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Thermite welding

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  • Member since
    January 2024
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Thermite welding
Posted by MP104 on Wednesday, February 28, 2024 12:06 PM

I know the basics. Iron (Fe(II)O rust) dust/aluminum dust with possible additives. Having followed RR activity for many years, IIRC, there was a cardboard box that had the word BOOTAE. Falsely for years I have refered to the rail weld by that name. The question is, among the main ingredients is bootae a compound to increase the efficency of the weld?

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  • From: Denver / La Junta
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Posted by mudchicken on Wednesday, February 28, 2024 3:01 PM

Boutet .... manganese charge added to the aluminothermic method gets everything in a super hot molten state and minimizes the voids that are the main probable defect to possibly be encountered

Go look at the french gunsmith and what he pioneered....

Mudchicken Nothing is worth taking the risk of losing a life over. Come home tonight in the same condition that you left home this morning in. Safety begins with ME.... cinscocom-west
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Posted by MP104 on Wednesday, February 28, 2024 3:34 PM

Overmod said you would know. By chance is the whole package of weld material: called by this name, manufactured with this name, etc.? Thanks for the info. endmrw0228241531

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Posted by Overmod on Friday, March 1, 2024 7:40 AM

Note that "BOOTAE" is a nearly-perfect phonetic spelling of the French name.  The problem was that no existing search engine still does Soundex... I have never really understood why, because that principle is now a half-century old.

See for example French Railway Techniques (which was one of the bibles for high-speed railroad design in the mid- to late Seventies) v19 n3 (1967).  This system used a three-piece mold which "permits the welding of joints, even over the ties without moving them aside". Throughput is a joint per man-hour or less.  The molds are designed to make them easy to center around a field joint; the three-piece design essentially elmininates a weld bead 'under the flange' (which I understand to mean what we call the 'foot'); and limited careful pre- and post- heating of the ends and the rail is conducted to 'minimize the effect of rail movement during the welding operation'.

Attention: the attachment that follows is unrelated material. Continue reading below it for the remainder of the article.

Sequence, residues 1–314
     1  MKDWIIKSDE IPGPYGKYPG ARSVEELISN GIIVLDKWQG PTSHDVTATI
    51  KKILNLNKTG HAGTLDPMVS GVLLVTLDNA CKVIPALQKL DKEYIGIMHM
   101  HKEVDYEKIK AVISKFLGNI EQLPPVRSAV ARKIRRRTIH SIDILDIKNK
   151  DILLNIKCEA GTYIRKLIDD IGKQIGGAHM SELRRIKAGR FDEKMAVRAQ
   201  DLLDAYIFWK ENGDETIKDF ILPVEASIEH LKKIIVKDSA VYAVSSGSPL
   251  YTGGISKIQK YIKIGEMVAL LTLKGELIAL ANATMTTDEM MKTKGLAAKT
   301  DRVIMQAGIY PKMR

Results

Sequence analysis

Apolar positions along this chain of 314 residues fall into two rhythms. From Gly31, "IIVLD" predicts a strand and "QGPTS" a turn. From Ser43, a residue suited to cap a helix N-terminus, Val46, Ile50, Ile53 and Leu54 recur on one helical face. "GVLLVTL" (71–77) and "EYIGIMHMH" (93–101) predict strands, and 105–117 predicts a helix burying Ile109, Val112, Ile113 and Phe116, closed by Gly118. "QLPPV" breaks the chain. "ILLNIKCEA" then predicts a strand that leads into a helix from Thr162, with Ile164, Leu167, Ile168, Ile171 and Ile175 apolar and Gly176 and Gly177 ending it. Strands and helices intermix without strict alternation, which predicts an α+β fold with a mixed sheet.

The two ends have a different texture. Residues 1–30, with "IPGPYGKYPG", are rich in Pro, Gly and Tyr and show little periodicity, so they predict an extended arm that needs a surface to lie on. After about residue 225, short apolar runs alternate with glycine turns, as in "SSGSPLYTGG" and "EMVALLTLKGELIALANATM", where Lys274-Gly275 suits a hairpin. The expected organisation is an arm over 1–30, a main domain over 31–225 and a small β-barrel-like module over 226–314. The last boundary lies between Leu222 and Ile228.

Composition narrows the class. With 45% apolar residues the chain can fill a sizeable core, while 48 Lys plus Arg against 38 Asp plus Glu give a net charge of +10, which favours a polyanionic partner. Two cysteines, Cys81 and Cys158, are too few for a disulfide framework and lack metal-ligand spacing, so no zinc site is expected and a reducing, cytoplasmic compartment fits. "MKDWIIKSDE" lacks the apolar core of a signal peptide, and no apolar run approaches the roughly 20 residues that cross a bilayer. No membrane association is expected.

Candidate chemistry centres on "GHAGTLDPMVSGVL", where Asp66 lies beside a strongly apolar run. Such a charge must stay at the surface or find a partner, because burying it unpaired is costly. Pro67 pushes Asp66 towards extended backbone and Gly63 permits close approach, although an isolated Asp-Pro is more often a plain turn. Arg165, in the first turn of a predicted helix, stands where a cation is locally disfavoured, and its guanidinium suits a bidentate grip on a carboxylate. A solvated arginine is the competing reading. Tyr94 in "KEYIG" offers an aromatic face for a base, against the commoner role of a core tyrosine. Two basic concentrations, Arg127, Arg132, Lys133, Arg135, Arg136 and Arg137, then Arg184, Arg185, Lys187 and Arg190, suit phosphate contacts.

The use of the method is of great antiquity in Europe.  Railway Gazette (v76 p.266, Feb 20 1942) describes its use on the English Southern Railway during wartime, mentioning that its temperature control produces less brittleness in the HAZ, and that it can be used effectively to produce CWR sticks (without bead issues for flat-bottomed rail) as well as field joints.

In fact we had at least one thread on the old forums (titled "Thermite Welding of Ribbon Rail") which discusses some practical experience with this -- you can find it in Community Search.

A reasonably contemporary (2016) set of rules for UP rail welding with this system is section 110 (about p.124 in the PDF) here:

 https://ftp.dot.state.tx.us/pub/txdot-info/hou/projects/hempstead-road-uprr/track/form-7913.pdf

 

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Posted by Erik_Mag on Friday, March 1, 2024 10:30 AM

Thermite was a well established method for welding street railway track in the U.S. prior to 1915.

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Posted by Overmod on Friday, March 1, 2024 11:08 AM

Autogenous welding was a common practice at ATSF by 1919.  Of course there were a lot of things it wasn't at all good for in that era, and 'knowing what we know now' about welding it can make fascinating reading what they did and the things they tried.

Practical autogenous welding of boilers, for example, wouldn't really come about until the late 1930s, with formalization only during wartime.

Did you see the bit about Boutet reducing the reaction peak temperature rise, and using very careful pre- and postheating to minimize problems in the HAZ either side of the deposited weld metal?  None of that was likely characteristic of early Thermit practice.

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